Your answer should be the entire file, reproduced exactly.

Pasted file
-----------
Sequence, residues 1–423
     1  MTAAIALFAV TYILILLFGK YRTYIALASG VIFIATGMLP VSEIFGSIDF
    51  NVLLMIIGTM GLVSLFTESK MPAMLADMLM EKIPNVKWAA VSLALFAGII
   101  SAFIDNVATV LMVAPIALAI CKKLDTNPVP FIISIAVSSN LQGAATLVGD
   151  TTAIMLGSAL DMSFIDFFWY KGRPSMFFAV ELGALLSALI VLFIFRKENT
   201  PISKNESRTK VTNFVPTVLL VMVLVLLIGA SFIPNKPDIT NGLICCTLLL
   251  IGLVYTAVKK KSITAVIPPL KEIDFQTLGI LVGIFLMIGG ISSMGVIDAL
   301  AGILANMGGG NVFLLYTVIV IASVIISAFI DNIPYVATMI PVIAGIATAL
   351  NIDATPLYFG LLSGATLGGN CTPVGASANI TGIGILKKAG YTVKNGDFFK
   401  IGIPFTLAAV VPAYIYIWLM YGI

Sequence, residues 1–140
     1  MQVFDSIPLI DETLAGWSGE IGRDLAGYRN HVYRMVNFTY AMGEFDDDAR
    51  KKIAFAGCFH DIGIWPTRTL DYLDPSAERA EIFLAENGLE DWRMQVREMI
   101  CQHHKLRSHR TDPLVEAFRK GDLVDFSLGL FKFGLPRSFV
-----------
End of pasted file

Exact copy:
Sequence, residues 1–423
     1  MTAAIALFAV TYILILLFGK YRTYIALASG VIFIATGMLP VSEIFGSIDF
    51  NVLLMIIGTM GLVSLFTESK MPAMLADMLM EKIPNVKWAA VSLALFAGII
   101  SAFIDNVATV LMVAPIALAI CKKLDTNPVP FIISIAVSSN LQGAATLVGD
   151  TTAIMLGSAL DMSFIDFFWY KGRPSMFFAV ELGALLSALI VLFIFRKENT
   201  PISKNESRTK VTNFVPTVLL VMVLVLLIGA SFIPNKPDIT NGLICCTLLL
   251  IGLVYTAVKK KSITAVIPPL KEIDFQTLGI LVGIFLMIGG ISSMGVIDAL
   301  AGILANMGGG NVFLLYTVIV IASVIISAFI DNIPYVATMI PVIAGIATAL
   351  NIDATPLYFG LLSGATLGGN CTPVGASANI TGIGILKKAG YTVKNGDFFK
   401  IGIPFTLAAV VPAYIYIWLM YGI

Sequence, residues 1–140
     1  MQVFDSIPLI DETLAGWSGE IGRDLAGYRN HVYRMVNFTY AMGEFDDDAR
    51  KKIAFAGCFH DIGIWPTRTL DYLDPSAERA EIFLAENGLE DWRMQVREMI
   101  CQHHKLRSHR TDPLVEAFRK GDLVDFSLGL FKFGLPRSFV